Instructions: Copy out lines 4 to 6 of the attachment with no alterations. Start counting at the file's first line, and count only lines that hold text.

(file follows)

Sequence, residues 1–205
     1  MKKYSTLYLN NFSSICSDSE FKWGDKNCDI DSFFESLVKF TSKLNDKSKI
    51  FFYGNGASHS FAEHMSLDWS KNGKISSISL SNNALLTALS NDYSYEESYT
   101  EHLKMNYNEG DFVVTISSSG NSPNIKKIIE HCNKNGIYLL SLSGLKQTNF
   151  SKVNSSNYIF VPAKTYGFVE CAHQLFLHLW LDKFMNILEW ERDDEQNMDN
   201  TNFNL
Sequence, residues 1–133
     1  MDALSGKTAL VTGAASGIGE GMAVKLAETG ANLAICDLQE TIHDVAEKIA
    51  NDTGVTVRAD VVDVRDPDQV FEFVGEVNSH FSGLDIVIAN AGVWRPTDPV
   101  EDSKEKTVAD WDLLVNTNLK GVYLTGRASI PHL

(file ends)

   101  EHLKMNYNEG DFVVTISSSG NSPNIKKIIE HCNKNGIYLL SLSGLKQTNF
   151  SKVNSSNYIF VPAKTYGFVE CAHQLFLHLW LDKFMNILEW ERDDEQNMDN
   201  TNFNL